How should physicians pay off their debt?

By this point, a lot of people have heard the famous Dave Ramsey quote, “If you live like no one else, later you can live like no one else.”  Ramsey is known for being a proponent of attacking debt aggressively when people ask, “How should I pay off my debt?”

He proposes one method that I think works for the vast majority of Americans, but today I’ll argue that method isn’t necessarily the best way to combat debt for high earning medical professionals.

I’ll tell you exactly how I am paying off $200,000 in student loan debt in two years, and how you can use the same method to eliminate your debt quickly.

The debt snowball method

Before we describe the method that I used to destroy our debt, let’s first discuss Ramsey’s approach, which is often called The Debt Snowball method.

The name of the method is meant to provide a picture of a snowball starting at the top of a mountain.  As it rolls down the mountain (and crushes debt) it picks up more snow (more cash flow) and turns into a formidable snow boulder that can crush debt very quickly.

The idea here is to put any additional discretionary money towards your smallest debt.  When that is paid off, use that money plus what you are currently paying to pay off the next debt.  With each debt being paid off, you’ll have increasingly larger cash flow to pay off the next debt.  Hence, its name – the snowball method.

The avalanche method

A second method that is available to pay down debt involves what is called the Avalanche Method.  (These people are obsessed with snow!)

The idea here is the opposite of the snowball method.  Simply locate the highest interest rate debt you have.  Take any additional money you have above your monthly minimum payments and start hammering away.

The more you can throw at it, the larger the avalanche, and the sooner your debt will be gone.

This is the method that I chose as I paid off $150,000 in student loans in my first 15 months out from training.  Using the snowball method, I should have paid off our remaining car loans first before getting to the student loans.

The snowball method: behavioral finance

The reason that this method is good is because it has a psychological motivation behind it.  With each debt that is paid off, you are encouraged that you are doing the right thing. And with the next debt, you can watch it disappear quickly as the snowball gets larger.

Most people that follow Ramsey’s method simply cannot see a way out of their mountain of debt.  For this reason, Ramsey’s goal is to prove early and often that anyone can eliminate debt.  After the first one is gone, it provides hope.

That is what the snowball method is all about. So, if you find yourself in a situation where you cannot imagine financial escape, cut your lifestyle down and start finding discretionary funding to chip away at the smallest debt you have.

In the end, this method has been shown to have a higher compliance rate than the avalanche method.  But at what cost?

The math behind the avalanche method

The bad part, of course, is the math and the rules behind student loans.

First, math just doesn’t work for the snowball method.

The snowball method encourages you to pay off your smallest debt.  Not your most expensive or highest interest rate debt.  Assuming 100 percent compliance to both methods, you will pay more interest on the snowball method.  That’s unless you start missing payments.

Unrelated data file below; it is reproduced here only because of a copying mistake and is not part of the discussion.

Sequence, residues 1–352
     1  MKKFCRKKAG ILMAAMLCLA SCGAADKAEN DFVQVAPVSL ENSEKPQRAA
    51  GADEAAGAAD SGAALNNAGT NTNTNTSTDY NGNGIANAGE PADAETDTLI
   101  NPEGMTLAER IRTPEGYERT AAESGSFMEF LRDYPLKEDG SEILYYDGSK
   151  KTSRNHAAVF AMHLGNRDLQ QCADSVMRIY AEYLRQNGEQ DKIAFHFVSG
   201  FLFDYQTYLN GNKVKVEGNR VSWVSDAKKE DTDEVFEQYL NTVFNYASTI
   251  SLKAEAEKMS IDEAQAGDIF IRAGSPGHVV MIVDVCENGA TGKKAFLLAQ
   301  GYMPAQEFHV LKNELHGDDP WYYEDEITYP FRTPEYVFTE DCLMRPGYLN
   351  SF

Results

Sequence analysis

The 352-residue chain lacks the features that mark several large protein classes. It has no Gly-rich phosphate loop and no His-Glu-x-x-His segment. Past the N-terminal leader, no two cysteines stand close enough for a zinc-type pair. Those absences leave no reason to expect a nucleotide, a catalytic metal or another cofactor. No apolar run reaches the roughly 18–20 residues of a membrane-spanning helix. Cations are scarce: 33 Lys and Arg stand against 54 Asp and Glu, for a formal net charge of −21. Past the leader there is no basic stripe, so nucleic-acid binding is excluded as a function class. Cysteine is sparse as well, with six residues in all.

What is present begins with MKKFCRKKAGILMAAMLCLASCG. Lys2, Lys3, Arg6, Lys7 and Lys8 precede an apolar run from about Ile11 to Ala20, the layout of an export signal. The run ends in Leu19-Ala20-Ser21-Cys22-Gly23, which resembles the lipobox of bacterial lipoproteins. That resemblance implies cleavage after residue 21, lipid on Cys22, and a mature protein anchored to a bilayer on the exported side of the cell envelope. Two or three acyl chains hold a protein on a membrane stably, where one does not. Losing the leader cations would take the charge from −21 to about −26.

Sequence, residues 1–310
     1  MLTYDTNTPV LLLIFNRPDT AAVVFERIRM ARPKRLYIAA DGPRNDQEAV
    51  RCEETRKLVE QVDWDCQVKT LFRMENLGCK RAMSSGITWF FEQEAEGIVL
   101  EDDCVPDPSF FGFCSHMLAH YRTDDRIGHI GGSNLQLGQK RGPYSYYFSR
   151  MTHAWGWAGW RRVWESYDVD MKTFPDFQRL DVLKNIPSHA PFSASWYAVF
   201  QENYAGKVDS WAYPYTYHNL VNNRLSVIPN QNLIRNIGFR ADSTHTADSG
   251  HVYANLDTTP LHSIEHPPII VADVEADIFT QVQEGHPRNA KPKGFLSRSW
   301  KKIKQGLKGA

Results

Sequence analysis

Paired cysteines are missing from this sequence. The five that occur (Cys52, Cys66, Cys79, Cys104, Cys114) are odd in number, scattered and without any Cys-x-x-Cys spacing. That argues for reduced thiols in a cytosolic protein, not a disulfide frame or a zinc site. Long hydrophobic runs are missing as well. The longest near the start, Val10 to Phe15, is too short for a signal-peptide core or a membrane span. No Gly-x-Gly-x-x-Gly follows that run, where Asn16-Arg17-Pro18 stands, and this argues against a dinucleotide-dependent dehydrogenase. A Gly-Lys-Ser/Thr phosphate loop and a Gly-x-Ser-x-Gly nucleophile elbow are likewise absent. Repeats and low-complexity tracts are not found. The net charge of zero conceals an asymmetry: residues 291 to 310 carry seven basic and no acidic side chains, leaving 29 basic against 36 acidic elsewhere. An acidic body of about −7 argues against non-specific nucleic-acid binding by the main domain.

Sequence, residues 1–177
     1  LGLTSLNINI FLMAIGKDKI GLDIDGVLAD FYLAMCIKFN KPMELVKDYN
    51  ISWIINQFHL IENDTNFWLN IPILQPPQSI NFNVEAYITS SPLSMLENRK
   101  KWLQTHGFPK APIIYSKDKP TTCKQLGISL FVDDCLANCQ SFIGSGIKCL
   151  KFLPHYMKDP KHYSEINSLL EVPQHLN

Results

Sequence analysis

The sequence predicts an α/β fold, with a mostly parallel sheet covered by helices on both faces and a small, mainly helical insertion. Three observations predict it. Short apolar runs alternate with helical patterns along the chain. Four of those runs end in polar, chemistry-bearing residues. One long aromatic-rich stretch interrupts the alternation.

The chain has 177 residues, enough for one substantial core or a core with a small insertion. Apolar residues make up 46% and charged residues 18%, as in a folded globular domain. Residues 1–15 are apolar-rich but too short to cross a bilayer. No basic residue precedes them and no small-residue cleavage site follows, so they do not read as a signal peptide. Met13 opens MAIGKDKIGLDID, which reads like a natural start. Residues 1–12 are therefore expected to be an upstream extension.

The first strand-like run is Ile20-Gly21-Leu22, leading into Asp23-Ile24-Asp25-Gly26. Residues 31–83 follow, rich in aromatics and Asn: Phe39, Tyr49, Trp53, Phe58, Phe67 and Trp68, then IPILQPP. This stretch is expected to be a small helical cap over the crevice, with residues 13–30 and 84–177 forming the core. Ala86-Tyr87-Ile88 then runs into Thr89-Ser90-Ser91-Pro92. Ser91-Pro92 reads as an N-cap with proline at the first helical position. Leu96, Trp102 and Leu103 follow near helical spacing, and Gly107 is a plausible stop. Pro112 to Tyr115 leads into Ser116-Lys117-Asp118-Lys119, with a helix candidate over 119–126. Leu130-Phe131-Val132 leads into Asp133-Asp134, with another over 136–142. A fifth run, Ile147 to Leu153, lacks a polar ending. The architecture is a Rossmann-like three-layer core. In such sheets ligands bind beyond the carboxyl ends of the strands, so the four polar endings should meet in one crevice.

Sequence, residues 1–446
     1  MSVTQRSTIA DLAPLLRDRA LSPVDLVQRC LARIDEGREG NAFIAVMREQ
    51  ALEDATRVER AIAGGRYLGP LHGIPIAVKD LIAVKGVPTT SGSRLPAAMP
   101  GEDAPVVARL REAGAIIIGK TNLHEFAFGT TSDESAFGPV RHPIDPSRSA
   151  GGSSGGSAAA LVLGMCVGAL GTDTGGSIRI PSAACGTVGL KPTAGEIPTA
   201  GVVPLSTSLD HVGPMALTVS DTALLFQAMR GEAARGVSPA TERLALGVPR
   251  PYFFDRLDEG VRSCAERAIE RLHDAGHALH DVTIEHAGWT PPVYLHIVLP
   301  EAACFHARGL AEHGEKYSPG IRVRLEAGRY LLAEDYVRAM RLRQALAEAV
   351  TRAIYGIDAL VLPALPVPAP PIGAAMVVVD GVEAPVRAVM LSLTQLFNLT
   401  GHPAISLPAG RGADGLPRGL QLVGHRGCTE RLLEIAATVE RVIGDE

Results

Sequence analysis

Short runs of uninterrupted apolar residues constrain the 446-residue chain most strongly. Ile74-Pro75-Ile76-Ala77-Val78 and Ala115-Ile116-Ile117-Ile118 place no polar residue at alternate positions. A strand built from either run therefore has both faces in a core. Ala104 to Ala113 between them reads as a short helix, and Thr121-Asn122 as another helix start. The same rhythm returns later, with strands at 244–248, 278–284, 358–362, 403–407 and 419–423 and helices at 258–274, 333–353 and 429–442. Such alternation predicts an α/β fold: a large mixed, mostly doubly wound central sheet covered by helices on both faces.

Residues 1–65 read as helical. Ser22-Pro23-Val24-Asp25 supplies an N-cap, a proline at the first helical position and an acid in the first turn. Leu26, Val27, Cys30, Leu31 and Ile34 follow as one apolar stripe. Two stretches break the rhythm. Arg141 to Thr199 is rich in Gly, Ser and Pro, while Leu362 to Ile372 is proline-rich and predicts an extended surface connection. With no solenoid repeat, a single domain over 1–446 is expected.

Second, there is an issue that isn’t commonly discussed when comparing these two methods.  For people who have refinanced their student loans, there isn’t always a guaranteed forgiveness upon death.  However, if you do die, your spouse can probably just sell your car and not have to worry about it anymore.

For this reason, it almost always makes sense to pay off any debt with interest rates greater than 10 percent and then your student loans prior to paying off anything else.

How should I pay off my debt?

Honestly, this is a tough question to answer for most doctors.  Physicians usually don’t have a debt problem or a savings problem as much as they have a spending problem.  Simple math will show you that you cannot save or pay down debt if you spend all of your take-home pay.

If young physicians could simply follow the path of Dr. EFI — and not Dr. Jones — they would be fine.  Instead, most physicians inflate their lifestyle and place themselves in a situation where paying down debt becomes very challenging.

When you have a $3,000 mortgage, $1,500 car payments, $2,000 in childcare costs, and a huge student loan debt burden … the debt can seem insurmountable.

So, how should you pay off your debt?  The first answer is to avoid lifestyle inflation.

The second answer depends more on your personality.  If you have a personality that can visualize a plan, stick with it, and do what needs to be done, the avalanche method is going to win every time.

However, if you know yourself and need the small “wins” to keep you going, the snowball method may still be your friend.

Regardless of which snowy debt pay down path you travel, the take home is to pay down your debt.  Make a goal, write down a date, and chase after it!

Take home

Paying down debt is paramount to financial success for most early career physicians.  For this reason, you should know that there are multiple methods to this madness.

However you ski this course, make sure that you pick one path and stick with it.  In the end, sticking with it matters infinitely more than which method you chose to use to attack the problem of debt.

“The Physician Philosopher” is an anesthesiologist who blogs at his self-titled site, The Physician Philosopher.

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